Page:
Elevated pressures in the RV from outflow obstruction and exposure to systemic pressure from overriding aorta lead to compensatory RV hypertrophy. The main characteristic of TOF is cyanosis. Cyanosis can result from three separate Mechanisms. Inadequate pulmonary blood flow, right to left shunting or intrinsic pulmonary disease. In TOF, cyanosis results from a right-to-left shunt at the level of ventricles and inadequate pulmonary blood flow. Because of the outflow obstruction, blood ejected from RV crosses the VSD and enters the overriding aorta. This reduces the amount of pulmonary blood flow available for oxygenation and adds desaturated blood to the systemic circulation. Pressures in the right ventricle are near to the systemic pressure. The likelihood of a favorable outcome for the mother with TOF depends upon the functional cardiac capacity of the patient before pregnancy, other complications that further increase cardiac load, and quality of medical care provided throughout pregnancy and surgical correction of the anomaly before conception. Pregnant mothers with TOF are affected differently depending upon if they remain uncorrected, have palliative or definitive procedure or they have residual defects after these procedures.
The principle danger for a pregnant woman with TOF is cardiac decompensation because of inability to meet the additional demands imposed by the physiological changes of pregnancy and parturition. If present, infection, hemorrhage and thrombo-embolism compound the risk. The cardiovascular changes of pregnancy may unmask residual or recurrent TOF in patients with corrective procedures, who have been asymptomatic throughout their life after TOF repair 6 .
Before successful intracardiac repair of TOF was introduced in the 1950s, few patients reached childbearing age, and successful pregnancy was uncommon. Pregnancies were characterized by spontaneous abortions, stillbirths, and premature deliveries. Presbitero et al. demonstrated that the most important risk factor for adverse fetal outcome in cyanotic patients was the degree of cyanosis. These authors suggested that an arterial oxygen saturation >85% and a hemoglobin concentration <18 g/dl were more likely to result in live birth, whereas hemoglobin concentrations >20 g/dl were associated with adverse fetal outcome 10 .
Chronic hypoxemia in such patients leads to adaptations to provide adequate tissue oxygenation ie. polycythemia, increased blood viscosity, vasodilatation, hyperventilation and chronic respiratory alkalosis. Such adaptive mechanisms may limit cardiac reserve and O2 delivery during stress 11 . As no specific technique is suggested for such patients and anaesthesia carries considerable risk, the management should be based on avoiding changes that would increase the magnitude of R – L shunt, dehydration should be avoided to improve the circulating volume by decreasing the blood viscosity 12 .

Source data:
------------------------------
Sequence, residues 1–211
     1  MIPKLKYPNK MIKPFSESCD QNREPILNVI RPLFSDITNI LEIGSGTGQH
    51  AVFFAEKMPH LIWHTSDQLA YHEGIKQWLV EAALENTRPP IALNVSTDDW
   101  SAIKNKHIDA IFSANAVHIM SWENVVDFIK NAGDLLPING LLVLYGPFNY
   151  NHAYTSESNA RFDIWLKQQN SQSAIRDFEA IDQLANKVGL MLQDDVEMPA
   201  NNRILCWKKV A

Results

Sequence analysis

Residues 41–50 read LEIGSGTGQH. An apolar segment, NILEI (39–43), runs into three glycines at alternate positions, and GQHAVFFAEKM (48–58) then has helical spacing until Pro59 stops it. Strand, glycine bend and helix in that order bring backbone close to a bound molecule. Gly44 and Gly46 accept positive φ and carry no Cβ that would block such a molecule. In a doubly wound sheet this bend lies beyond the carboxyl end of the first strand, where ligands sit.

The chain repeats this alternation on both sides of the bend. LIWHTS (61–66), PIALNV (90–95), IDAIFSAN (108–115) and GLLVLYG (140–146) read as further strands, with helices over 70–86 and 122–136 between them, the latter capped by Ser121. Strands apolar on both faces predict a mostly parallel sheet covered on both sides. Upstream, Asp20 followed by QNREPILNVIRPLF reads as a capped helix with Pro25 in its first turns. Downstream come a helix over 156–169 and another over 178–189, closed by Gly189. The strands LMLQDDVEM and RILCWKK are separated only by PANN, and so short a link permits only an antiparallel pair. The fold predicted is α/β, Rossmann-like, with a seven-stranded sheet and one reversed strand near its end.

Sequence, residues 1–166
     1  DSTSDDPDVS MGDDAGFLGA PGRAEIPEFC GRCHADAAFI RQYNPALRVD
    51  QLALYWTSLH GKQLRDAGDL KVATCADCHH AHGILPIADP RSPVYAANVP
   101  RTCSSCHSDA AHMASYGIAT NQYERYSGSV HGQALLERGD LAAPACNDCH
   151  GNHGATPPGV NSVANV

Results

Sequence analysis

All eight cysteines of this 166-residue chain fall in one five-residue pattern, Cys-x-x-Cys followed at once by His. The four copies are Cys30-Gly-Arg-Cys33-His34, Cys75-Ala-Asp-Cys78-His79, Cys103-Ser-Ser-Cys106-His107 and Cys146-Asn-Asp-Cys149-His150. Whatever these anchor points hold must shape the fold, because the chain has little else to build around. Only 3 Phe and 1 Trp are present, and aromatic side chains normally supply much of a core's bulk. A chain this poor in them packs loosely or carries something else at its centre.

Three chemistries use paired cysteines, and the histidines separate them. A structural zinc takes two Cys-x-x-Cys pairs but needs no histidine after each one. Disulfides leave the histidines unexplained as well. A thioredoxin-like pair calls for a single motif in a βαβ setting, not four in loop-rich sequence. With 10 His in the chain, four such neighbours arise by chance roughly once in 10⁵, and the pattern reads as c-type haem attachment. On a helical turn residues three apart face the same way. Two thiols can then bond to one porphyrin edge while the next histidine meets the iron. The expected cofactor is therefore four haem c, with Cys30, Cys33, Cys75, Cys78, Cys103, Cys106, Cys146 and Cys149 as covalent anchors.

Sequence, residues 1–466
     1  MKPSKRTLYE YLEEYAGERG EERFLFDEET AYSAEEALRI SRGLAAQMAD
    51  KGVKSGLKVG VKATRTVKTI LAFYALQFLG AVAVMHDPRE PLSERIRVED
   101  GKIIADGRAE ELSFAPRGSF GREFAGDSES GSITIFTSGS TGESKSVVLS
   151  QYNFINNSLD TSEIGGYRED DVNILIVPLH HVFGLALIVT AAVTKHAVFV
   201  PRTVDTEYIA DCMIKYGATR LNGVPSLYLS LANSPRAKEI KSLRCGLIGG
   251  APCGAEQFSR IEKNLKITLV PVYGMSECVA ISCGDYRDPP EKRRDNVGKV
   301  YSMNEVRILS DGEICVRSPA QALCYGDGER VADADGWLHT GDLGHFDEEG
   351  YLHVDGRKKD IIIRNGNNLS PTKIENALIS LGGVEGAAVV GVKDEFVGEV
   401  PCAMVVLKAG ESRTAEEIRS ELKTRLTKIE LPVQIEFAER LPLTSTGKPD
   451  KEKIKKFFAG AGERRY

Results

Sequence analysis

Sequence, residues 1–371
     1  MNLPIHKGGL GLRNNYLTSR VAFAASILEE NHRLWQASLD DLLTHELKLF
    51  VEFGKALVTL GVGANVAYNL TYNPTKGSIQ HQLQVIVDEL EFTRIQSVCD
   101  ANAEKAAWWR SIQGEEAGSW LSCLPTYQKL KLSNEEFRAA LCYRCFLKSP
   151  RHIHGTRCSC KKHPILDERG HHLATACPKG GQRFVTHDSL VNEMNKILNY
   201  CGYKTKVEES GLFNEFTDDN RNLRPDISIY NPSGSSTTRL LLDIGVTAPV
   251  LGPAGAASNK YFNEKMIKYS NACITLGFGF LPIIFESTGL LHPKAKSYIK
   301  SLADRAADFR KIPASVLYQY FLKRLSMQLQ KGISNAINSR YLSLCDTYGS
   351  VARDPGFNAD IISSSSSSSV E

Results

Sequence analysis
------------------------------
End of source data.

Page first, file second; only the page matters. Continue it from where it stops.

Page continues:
Both general and regional techniques have been employed successfully in parturient with TOF 13 . Regarding cesarean section, general anesthesia (GA) is probably the technique of choice 14 . GA with endotracheal intubation provides airway protection, eliminates work of breathing and may reduce oxygen consumption. The complications of controlled mechanical ventilation include decreased venous return as well as ventricular dysfunction, compression of pulmonary vessels, hypoxemia, hypo or hypercarbia and acidemia. The choice of anesthetic drugs may not be of prime importance. In patients with dynamic right ventricular outflow obstruction, increases in heart rate and contractility should be avoided as they will worsen the obstruction and cyanosis. Anesthetic drugs and adjuncts having vagolytic or sympathomimetics effects should preferably be avoided. Regional anesthesia allows spontaneous respiration with little disruption of V / Q relationships, which may be critical in parturient with less severe TOF. Epidural catheter techniques offer continuous, titrated anesthesia or analgesia.
In this case we used general anaesthesia as patient came as emergency with known TOF but without taking any medicine regularly and with cardiac decompensation. She had not gone any palliative or corrective procedure. Our goal was to maintain SVR and decrease PVR 15 . To achieve this ketamine was used for induction and phenylephrine to increase SVR. She was preloaded with 500ml RL before induction. Sevoflurane was used for maintenance in low concentration with 50% N2O. Patient was hyperventilated to maintain slightly alkalosis. Oxytocin was not used to avoid sudden increase in preload. Invasive monitoring CVP and arterial blood pressure could not monitored in that case because of unavailability. Patient was managed properly.
Patients with tetrology of Fallot with pregnancy need special care by a team consisting of obstetrician, cardiologist and anesthesiologist among others.